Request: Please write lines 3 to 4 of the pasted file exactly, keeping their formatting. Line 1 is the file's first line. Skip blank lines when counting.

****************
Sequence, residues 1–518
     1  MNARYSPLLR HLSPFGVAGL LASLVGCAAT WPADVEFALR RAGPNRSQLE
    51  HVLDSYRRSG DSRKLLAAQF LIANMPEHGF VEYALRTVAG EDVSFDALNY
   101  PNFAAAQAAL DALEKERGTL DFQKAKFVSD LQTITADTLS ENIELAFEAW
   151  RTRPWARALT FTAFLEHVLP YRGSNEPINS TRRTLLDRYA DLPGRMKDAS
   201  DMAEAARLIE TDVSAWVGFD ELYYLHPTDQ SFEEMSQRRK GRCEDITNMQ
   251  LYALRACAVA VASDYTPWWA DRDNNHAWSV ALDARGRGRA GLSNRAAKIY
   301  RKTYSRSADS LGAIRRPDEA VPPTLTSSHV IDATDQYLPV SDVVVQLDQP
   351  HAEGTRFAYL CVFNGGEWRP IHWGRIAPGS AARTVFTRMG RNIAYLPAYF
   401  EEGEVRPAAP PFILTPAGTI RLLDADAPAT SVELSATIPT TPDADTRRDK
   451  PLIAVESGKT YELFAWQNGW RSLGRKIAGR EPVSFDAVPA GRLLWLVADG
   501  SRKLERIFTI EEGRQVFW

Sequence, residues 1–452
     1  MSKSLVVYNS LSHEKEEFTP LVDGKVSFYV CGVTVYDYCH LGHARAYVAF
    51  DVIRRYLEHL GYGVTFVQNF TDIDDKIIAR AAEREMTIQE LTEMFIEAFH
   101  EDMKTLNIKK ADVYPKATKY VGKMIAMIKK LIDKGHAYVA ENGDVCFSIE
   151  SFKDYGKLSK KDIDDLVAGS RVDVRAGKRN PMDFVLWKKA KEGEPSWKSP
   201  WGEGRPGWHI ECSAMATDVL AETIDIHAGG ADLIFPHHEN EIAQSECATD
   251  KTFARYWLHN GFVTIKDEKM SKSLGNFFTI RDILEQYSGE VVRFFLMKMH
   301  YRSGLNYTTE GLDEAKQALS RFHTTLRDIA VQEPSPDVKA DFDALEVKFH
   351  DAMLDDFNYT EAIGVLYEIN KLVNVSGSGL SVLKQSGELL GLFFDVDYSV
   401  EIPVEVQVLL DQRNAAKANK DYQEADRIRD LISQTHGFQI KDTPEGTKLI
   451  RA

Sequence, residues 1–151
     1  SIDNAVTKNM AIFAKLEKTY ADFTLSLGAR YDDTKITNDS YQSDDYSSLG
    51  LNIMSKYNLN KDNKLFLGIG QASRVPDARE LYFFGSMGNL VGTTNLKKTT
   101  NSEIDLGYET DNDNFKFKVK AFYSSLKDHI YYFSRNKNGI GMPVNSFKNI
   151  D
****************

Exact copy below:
    51  HVLDSYRRSG DSRKLLAAQF LIANMPEHGF VEYALRTVAG EDVSFDALNY
   101  PNFAAAQAAL DALEKERGTL DFQKAKFVSD LQTITADTLS ENIELAFEAW